And like many other teens in similar situations, it was tough.
It wasn't fun growing up when everywhere you looked, people were looking flawless. It still isn't so much fun now. Photoshop was about to remove all these excess body hairs, and hair removal became a big thing. Even adverts, that are promoting hair removal creams and razors are being shown on women who already have no hair, because showing said hair is almost seen as unappealing, unattractive. Wrong. It's reality.

It's like we should be ashamed for the way we are naturally. And in a way, we are.

The pressure to look attractive from what is considered the 'norm' now, is huge.
And I'm sucked into it too...
I get my eyebrows waxed and threaded every fortnight.
I shave my armpits every single morning.
I make sure my legs and vagina are hairless at all times.
And I bleach my upper lip when it needs attention.

I don't like to admit it either. I don't like to talk about the things I do on a daily or weekly basis because, I don't want to seem like a freak. But nobody wants to really talk about it do they?
I laugh with the girls about booking my eyebrow appointments and declaring that I'll be late for cocktails that Friday night because "eyebrows', followed by hand gestures of being fabulous. But eyebrows are a 'thing'. Eyebrows are trendy and people talk about them. All the time.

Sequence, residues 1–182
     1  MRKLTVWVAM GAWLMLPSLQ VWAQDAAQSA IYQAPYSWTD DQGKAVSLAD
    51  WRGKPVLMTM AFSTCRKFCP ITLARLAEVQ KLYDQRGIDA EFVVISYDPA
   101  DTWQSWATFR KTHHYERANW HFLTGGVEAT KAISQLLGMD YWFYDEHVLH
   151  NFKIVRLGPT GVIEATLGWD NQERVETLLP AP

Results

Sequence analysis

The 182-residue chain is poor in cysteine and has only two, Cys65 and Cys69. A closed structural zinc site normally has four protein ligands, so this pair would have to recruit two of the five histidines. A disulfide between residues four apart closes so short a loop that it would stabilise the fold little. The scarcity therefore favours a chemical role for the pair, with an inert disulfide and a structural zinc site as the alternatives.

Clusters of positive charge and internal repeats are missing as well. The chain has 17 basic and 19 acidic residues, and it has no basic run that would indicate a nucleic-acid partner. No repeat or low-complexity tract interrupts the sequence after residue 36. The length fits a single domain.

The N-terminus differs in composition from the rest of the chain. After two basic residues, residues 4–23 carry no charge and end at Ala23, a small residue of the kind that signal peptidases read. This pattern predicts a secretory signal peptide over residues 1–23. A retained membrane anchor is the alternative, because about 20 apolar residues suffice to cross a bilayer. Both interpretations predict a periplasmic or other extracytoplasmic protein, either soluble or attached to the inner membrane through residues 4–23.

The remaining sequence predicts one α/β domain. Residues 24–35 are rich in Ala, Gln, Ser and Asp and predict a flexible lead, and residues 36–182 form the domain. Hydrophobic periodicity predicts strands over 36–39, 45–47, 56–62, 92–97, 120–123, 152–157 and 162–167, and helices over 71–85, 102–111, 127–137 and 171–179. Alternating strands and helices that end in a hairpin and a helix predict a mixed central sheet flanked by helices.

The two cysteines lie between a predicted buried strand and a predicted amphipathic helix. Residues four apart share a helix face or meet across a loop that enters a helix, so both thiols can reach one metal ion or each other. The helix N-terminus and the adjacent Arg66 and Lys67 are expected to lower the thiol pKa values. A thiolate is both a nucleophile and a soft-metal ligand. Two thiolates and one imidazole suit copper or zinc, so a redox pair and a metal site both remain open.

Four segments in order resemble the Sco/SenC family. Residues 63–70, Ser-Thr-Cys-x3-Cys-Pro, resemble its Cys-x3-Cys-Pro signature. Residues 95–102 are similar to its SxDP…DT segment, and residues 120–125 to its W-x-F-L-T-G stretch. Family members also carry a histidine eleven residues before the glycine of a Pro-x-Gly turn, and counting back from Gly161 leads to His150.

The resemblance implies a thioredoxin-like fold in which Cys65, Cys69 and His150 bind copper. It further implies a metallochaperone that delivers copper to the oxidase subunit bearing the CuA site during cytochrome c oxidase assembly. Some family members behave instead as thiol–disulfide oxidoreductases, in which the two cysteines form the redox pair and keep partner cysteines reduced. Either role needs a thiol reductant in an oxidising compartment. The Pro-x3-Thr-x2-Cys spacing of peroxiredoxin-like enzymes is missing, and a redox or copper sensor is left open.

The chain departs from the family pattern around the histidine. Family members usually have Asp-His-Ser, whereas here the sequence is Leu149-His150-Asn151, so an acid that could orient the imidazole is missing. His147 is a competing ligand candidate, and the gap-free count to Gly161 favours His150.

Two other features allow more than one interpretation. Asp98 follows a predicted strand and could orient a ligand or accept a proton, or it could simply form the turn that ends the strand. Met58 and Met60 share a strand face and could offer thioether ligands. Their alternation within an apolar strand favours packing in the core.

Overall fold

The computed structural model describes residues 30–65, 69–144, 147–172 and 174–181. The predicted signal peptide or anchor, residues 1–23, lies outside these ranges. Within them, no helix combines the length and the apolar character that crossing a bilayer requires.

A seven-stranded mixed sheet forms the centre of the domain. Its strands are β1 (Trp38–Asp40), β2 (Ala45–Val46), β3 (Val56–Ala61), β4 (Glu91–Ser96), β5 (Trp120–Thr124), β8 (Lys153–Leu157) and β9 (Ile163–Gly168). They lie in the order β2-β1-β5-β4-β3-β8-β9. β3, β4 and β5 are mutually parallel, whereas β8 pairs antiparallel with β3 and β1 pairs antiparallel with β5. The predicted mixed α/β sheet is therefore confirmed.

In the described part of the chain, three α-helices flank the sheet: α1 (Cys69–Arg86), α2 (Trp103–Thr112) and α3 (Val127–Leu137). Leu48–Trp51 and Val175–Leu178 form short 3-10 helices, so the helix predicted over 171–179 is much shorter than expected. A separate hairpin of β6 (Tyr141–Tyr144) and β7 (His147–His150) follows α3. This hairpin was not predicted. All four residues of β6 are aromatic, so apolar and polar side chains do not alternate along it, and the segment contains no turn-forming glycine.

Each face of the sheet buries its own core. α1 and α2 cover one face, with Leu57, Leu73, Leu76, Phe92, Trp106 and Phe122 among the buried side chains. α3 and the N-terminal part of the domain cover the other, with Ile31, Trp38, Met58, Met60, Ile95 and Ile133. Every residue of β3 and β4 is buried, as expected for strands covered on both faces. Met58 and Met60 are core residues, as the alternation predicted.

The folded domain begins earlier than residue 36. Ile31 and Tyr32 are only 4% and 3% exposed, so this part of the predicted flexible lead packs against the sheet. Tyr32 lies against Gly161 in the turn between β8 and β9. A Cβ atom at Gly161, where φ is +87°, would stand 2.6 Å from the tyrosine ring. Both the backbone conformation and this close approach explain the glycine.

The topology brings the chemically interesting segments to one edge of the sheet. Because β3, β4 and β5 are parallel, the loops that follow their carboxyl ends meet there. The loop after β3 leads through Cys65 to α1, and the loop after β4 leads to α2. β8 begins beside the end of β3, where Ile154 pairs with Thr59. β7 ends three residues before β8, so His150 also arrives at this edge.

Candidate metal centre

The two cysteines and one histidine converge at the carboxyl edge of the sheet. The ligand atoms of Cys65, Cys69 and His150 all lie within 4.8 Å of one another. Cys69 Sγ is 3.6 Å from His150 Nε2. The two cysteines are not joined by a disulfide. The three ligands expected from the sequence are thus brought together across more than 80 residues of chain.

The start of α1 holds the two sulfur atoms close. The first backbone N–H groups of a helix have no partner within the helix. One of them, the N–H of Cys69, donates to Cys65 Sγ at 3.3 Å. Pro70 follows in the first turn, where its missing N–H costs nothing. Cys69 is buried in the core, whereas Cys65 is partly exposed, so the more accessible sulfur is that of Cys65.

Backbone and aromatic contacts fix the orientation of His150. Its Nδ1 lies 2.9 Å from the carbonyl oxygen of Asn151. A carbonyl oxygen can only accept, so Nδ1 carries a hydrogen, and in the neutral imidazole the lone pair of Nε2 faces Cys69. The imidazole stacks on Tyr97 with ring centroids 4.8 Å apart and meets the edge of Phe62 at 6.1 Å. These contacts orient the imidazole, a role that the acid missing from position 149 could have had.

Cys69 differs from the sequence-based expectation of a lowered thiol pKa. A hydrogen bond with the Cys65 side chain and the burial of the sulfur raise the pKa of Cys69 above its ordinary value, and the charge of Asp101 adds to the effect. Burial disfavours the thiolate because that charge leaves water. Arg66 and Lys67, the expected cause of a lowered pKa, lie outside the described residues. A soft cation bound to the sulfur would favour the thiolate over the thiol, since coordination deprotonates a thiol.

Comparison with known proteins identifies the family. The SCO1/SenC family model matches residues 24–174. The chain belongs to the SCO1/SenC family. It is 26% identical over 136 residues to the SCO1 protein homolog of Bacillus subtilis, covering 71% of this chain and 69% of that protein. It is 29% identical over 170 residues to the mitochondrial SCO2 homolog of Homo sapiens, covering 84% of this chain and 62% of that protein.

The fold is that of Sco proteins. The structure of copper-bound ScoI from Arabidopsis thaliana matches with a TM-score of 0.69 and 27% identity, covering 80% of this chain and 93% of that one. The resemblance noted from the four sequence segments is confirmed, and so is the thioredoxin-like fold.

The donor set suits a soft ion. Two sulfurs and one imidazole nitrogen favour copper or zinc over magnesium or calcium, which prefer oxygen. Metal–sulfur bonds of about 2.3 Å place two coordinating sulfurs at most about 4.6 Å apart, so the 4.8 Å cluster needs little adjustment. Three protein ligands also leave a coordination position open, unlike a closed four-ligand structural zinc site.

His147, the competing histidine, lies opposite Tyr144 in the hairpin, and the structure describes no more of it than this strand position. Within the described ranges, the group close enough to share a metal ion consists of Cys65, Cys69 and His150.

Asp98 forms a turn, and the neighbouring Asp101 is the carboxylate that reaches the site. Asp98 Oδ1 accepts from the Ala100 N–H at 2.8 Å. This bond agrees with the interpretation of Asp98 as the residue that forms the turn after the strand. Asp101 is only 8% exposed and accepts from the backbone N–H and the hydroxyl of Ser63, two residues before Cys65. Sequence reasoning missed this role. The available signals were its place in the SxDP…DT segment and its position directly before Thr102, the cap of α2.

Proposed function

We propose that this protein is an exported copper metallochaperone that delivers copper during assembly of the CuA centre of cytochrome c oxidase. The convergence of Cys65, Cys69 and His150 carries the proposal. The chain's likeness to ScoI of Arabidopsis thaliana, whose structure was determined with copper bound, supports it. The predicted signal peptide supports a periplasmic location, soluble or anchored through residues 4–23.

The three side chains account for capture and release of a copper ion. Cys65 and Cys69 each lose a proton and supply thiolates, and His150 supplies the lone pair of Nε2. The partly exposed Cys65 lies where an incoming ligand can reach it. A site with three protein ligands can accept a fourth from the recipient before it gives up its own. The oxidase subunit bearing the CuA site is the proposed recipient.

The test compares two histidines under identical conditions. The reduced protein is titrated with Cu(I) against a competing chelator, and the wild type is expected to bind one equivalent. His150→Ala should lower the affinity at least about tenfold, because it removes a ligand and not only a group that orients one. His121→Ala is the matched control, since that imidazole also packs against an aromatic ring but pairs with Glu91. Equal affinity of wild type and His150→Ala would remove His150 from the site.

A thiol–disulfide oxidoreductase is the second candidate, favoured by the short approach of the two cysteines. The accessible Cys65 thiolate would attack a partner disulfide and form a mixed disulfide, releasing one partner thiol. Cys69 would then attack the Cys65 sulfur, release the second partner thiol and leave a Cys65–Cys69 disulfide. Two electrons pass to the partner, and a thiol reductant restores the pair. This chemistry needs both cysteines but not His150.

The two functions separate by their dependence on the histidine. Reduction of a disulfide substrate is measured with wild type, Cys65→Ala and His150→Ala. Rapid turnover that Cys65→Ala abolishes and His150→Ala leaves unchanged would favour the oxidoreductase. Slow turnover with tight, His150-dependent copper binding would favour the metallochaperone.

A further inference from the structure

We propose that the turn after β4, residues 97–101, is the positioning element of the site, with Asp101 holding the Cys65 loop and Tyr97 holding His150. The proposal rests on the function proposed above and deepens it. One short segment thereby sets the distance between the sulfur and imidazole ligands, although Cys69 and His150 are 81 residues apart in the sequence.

But I don't talk about the fact I shave my armpits everyday, and instead sneak off to the bathroom as I'm getting ready in the morning and quickly whizz a razor over them. I also don't involve myself in the chat when some friends are talking about getting their vaginas waxed ready for holiday. Because I shave, and not only am I a pussy anyway when it comes to waxing (no pun intended either..) but it makes me feel uncomfortable. Like opting to shave instead of waxing, won't be seen as attractive and sexier.
And I never ever discuss my upper lip bleach session where I make sure it's done on a night when no-one is around. And the evidence is hidden away, at the bottom of a cupboard never to be seen again until it needs revisiting. And no mention ever of said bleach because it would also be seen as masculine, dirty. Weird. And especially unappealing.

Because, we don't talk about it.

We don't talk about these things as though they're the norm. Instead we're expected to shy away, and go through all the effort, money and pain, to make ourselves look sexy and attractive, worthy - whether we want to or not. Of course, I want to look and feel good, and I make sure my body hair is kept in check. But it doesn't stop me shying away from conversations about how I go about it, for fear of being abnormal.

Fear of being abnormal having body hair that I, you and everyone else was actually born with...

We don't think less of a man if they can't grow a beard or have chest hair. So we shouldn't think less of a woman for having hair on their arms or opting to shave rather than waxing their lady parts.

"Beauty begins the moment you decide to be yourself"